Jeff Verdegan
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Mansukhdeep Thind wrote:How do you reckon I go about implementing the remove(T) method?


As with any other method, start by figuring out the steps you'd follow to do it "manually" without any regard for Java or any other programming language.
Mansukhdeep Thind
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Jeff Verdegan wrote:
Mansukhdeep Thind wrote:


Why throw an exception if someone looks for null? Why not just return false? Not allowing us to add null shouldn't prevent us from asking if null is present.


Not false Jeff, -1 , since the return type is an int. Here is the improved method:


I have made it final too as Winston so often advises.



Jeff Verdegan wrote:Also, if you wrote that method to use an iterator rather than accessing the backing array directly, you could promote the implementation to an abstract base class and re-use that same method implementation for LinkedList and other List implementations.


Not sure I understand what you mean by this.
Winston Gutkowski
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Jeff Verdegan wrote:Also, if you wrote that method to use an iterator rather than accessing the backing array directly, you could promote the implementation to an abstract base class and re-use that same method implementation for LinkedList and other List implementations.

Damn fine point.

@Manshukdeep: And that (what Jeff said) is all about design. WhatNotHow (←click).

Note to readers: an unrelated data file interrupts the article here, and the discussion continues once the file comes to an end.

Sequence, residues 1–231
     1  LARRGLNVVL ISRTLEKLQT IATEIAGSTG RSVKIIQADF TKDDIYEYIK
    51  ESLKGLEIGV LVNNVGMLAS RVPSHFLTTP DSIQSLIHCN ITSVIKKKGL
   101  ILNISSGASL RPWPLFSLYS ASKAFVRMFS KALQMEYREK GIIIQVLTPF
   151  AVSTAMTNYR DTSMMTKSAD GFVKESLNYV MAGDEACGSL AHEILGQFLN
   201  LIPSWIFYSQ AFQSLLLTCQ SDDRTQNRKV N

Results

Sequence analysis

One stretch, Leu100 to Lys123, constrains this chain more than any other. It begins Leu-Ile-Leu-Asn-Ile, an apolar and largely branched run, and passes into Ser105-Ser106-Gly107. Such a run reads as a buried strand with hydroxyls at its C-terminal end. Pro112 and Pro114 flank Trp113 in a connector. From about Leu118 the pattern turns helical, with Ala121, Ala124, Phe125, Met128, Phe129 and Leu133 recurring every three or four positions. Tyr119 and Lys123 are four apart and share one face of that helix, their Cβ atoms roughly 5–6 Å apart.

Winston
David Blaine
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Campbell Ritchie wrote:
Mansukhdeep Thind wrote:. . . What is the "sizeratio" for? . . .
I think it is the less severe of the two errors I can see


Exactly. I don't know why the poster did not test the code before. Here is one link related to the buggy answer - What's the reason I can't create generic array types in Java?
Mansukhdeep Thind
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Jeff Verdegan wrote:
Mansukhdeep Thind wrote:How do you reckon I go about implementing the remove(T) method?


As with any other method, start by figuring out the steps you'd follow to do it "manually" without any regard for Java or any other programming language.


The only way I can think of is, if a matching element is found, then , starting from the index of the element to be removed up until the size of the list, copy the (i+1)th element to the (i)th element . Something like :



Look good to you Jeff. Any flaws that you see? Any fine tuning that can be done? I don't know where is Campbell. Usually, he is the one at the other end.
Winston Gutkowski
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Mansukhdeep Thind wrote:not sure I understand what you mean by this.

He's saying that you've tied yourself into a specific way of doing something - almost always a bad idea; and almost always because you're thinking about how you're going to do it (the code), rather than what needs to be done (see above).

Winston
Jeff Verdegan
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Mansukhdeep Thind wrote:
Jeff Verdegan wrote:
Why throw an exception if someone looks for null? Why not just return false? Not allowing us to add null shouldn't prevent us from asking if null is present.


Not false Jeff, -1 , since the return type is an int.


Oops. Yes, my bad.

Here is the improved method: